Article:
“When her will is built up—perhaps.”
“May I kiss her?” For the first time in his experience of her, Blake traced a note of feminine softness in Mrs. Markham’s tones.
Blake took the back of the little head firmly in his hand, pressed the face tightly on his shoulder.
“Her cheek—yes. You must not look into her eyes.”
As Mrs. Markham lifted her face from Annette’s cheek, the tears showed under her lids.
“But, oh, Annette,” she whispered, “I ask you to believe that I am real—that once I was all real—but I fell like the rest.”
For the first time Annette spoke coherently.
“Oh, Aunt Paula—it breaks my heart—but I will try to remember only how kind you were.”
And now Rosalie had wrapped her for the street; and now the door closed between Mrs. Markham and her biggest operation.
* * * * *
Rosalie was first to quit the automobile—she had asked Norcross to drive her to a woman’s hotel.
“Good-night, people,” she said cheerily at the curb, “I hope it ain’t good-by to any of you. Doctor, I’d like to be invited to the weddin’, however private—that’s my tip. When I git settled again, I’ll send you my card an’ address. Good-night, Mr. Norcross, I’m real pleased to have met you. I had a cousin who was a conductor on one of your roads an’ he always spoke nicely of the way he was treated. An’, oh, yes! Don’t you worry about me givin’ any of this away. I’m a medium, all right, but I ain’t in that kind of work. I ain’t recommendin’ myself, of course, Mr. Norcross, but if you git over this—they generally do—an’ want some good, straight clairvoyant work done, write Mme. Rosalie Le Grange, care the Spirit Truth Bulletin, an’ I’ll recommend you to them that are strangers to graft. Good-night.”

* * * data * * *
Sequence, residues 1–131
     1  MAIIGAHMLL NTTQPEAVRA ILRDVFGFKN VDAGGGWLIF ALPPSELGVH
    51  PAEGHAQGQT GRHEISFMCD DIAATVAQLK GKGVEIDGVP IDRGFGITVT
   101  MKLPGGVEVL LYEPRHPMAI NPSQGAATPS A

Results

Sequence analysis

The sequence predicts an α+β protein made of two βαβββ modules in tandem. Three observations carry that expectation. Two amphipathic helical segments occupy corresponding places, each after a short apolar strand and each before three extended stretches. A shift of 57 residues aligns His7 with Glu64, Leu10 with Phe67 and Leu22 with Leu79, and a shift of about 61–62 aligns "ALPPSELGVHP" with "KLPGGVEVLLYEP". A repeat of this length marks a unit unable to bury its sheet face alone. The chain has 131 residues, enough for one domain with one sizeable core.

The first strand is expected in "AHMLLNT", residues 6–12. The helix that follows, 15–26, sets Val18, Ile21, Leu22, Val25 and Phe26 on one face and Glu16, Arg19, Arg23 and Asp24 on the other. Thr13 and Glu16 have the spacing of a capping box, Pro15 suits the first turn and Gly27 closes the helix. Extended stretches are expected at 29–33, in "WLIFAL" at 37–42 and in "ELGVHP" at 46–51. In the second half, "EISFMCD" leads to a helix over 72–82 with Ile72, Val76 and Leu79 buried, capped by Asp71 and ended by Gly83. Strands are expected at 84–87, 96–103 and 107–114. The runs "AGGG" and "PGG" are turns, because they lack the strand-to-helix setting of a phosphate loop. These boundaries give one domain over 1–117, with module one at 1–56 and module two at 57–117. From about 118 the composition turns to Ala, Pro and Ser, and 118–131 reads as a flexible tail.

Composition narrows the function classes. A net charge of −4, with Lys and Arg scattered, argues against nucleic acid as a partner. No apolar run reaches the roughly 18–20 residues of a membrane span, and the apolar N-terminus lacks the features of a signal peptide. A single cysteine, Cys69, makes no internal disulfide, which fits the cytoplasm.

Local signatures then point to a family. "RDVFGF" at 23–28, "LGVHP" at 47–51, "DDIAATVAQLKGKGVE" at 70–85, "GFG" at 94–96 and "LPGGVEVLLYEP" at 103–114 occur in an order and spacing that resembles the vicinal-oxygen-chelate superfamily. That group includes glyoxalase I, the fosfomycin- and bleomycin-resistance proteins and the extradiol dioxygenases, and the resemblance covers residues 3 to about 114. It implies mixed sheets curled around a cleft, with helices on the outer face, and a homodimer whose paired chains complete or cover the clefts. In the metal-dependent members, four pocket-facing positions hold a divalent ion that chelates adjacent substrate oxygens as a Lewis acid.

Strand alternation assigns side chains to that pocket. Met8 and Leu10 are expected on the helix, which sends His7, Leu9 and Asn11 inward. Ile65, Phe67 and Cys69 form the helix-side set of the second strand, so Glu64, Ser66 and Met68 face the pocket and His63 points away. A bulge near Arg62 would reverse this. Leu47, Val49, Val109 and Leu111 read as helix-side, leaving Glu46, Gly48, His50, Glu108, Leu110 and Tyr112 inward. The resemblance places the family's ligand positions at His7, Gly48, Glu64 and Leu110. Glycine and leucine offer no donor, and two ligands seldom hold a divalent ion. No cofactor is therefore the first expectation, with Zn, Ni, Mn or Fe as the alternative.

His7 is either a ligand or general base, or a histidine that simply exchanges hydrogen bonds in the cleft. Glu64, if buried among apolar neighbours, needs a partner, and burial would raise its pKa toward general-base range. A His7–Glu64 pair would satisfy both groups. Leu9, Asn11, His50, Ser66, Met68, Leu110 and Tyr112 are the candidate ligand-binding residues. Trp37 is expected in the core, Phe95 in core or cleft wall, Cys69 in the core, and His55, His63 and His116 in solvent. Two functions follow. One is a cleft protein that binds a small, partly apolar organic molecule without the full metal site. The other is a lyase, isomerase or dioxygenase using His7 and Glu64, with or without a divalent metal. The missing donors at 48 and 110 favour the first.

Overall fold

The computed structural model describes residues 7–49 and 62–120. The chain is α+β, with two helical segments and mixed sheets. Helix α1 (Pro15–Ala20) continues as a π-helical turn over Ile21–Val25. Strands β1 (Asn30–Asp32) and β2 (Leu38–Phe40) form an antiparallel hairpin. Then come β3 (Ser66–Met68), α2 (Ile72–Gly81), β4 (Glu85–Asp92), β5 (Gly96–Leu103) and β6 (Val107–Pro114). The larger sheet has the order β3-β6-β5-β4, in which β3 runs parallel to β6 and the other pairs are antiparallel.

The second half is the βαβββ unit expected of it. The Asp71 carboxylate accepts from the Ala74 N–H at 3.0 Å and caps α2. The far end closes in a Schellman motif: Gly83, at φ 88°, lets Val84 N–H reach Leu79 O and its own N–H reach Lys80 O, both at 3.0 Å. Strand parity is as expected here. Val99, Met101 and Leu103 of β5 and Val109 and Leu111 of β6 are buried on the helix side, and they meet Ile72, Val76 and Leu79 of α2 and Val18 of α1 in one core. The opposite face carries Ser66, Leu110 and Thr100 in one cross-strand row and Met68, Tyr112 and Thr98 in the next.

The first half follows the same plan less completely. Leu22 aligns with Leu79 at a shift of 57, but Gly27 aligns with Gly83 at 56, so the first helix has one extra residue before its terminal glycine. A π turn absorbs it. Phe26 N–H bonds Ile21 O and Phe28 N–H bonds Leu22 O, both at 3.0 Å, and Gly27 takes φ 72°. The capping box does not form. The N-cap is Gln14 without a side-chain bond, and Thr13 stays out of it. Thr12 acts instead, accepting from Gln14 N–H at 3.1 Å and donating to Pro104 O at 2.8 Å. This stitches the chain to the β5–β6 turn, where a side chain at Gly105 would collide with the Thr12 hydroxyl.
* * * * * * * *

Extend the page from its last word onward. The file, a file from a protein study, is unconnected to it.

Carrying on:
After they drove on, Blake, brazenly patting and caressing Annette toward calm and a right mind, furtively noticed Norcross as the bands of city light flashed his figure into view. He was huddled in a corner of the cushioned seat; he looked again the pitiful, broken, disappointed old man. But when he parted from the lovers at the curb of an old house in Lexington Avenue, his voice came out of him with certainty and ring.
“If I can do anything more for you in this matter, I am at your service,” Blake had said.
“I will attend to the rest myself, thank you!” answered Norcross.
“It has occurred to me,” continued Blake, “that Mrs. Markham will communicate at once with whatever confederates she had in this business. I hope you don’t mind my mentioning it.”
“Probably,” responded Norcross, “she’s at the telephone now. That’s my part of it. Good-night.”
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